“I’m truly very sad that it should end in this way,” Mr. Soames said. “It is my most fervent hope that this house will rediscover the spirit of compromise, humility and understanding that will enable us finally to push ahead with the vital work in the interests of the whole country that has inevitably had to be so sadly neglected whilst we have devoted so much time to wrestling with Brexit.”

If Brexit is shaking the foundations of party politics in Britain, the expulsion and resignation of Mr. Soames is a moment that not long ago would have been unimaginable. It is especially searing given that Mr. Johnson, who cast him aside, considers Churchill one of his greatest heroes, and has written a biography of Britain’s wartime leader.

Mr. Soames, whose mother was Mr. Churchill’s youngest child, said he had voted against the Tory government three times in his 37 years but that this was the first time he had “the whip removed,” meaning he will no longer be allowed to represent his party in Parliament.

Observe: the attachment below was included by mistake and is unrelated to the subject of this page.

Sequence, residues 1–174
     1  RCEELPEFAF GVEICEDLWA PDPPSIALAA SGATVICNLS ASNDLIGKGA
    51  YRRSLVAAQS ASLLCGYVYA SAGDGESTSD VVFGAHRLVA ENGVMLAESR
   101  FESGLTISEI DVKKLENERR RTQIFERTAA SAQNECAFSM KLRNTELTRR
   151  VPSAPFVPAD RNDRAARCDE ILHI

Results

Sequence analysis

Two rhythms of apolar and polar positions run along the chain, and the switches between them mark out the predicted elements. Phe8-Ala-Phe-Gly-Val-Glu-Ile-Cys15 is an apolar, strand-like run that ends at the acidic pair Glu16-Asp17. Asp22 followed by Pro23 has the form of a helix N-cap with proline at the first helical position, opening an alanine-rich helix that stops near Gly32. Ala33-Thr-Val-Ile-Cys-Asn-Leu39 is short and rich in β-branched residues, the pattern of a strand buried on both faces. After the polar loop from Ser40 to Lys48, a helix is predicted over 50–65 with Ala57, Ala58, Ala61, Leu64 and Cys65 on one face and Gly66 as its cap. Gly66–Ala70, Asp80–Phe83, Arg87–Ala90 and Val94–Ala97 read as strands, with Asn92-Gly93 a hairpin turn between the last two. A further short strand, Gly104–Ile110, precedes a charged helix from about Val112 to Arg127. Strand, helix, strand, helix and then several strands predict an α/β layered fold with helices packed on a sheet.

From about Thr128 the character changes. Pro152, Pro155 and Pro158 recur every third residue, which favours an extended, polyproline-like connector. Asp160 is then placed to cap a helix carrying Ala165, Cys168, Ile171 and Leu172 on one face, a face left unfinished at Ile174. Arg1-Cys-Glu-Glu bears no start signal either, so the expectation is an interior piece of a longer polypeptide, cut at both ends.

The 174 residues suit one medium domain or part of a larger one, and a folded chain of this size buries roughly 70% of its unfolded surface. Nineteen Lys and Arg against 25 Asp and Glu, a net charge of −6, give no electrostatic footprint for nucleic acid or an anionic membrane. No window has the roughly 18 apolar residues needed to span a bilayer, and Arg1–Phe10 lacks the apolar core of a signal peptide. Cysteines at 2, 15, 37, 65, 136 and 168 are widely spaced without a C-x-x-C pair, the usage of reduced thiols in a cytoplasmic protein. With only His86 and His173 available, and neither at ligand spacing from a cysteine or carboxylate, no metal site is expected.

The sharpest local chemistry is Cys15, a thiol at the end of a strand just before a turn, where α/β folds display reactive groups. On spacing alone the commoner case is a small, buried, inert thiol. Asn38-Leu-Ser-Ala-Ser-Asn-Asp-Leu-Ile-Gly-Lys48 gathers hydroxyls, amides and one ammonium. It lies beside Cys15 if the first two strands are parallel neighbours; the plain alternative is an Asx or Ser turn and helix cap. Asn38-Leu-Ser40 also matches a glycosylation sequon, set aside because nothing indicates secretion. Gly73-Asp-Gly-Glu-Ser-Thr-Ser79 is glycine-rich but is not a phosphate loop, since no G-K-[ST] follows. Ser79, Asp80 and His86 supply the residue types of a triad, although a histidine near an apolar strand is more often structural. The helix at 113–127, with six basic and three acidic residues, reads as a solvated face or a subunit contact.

“I have been told by the chief whip, who is my friend and who I like very much, that it will be his sad duty to write to me tomorrow to tell me I have had the whip removed after 37 years as a Conservative member of Parliament,” he said Tuesday night in an interview with the BBC. “That’s fortunes of war. I knew what I was doing.”

Determined to deliver Brexit on Oct. 31 “come what may,” Mr. Johnson has become increasingly ruthless, exacerbating existing frictions within his party over Britain’s exit from the European Union. Since taking office in July, Mr. Johnson has purged cabinet ministers and ordered a five-week suspension of parliament as a tactic to limit its ability to challenge his plan to leave the European bloc with or without a deal.

But lawmakers struck back on Tuesday, aided by the Tory rebels, by wresting control of the Brexit agenda in a parliamentary vote. Next they are pushing through legislation to prevent a no-deal Brexit.

Mr. Soames said he thought the purge was part of a plan by Mr. Johnson to wage a general election as the candidate for the pro-Brexit crowd, to blunt the challenge of the Brexit Party of Nigel Farage.

“It is a pity — a great pity — that this has in my view all been planned,” Mr. Soames said. “This is exactly what they wanted, and they will try to have a general election which is what they wanted.”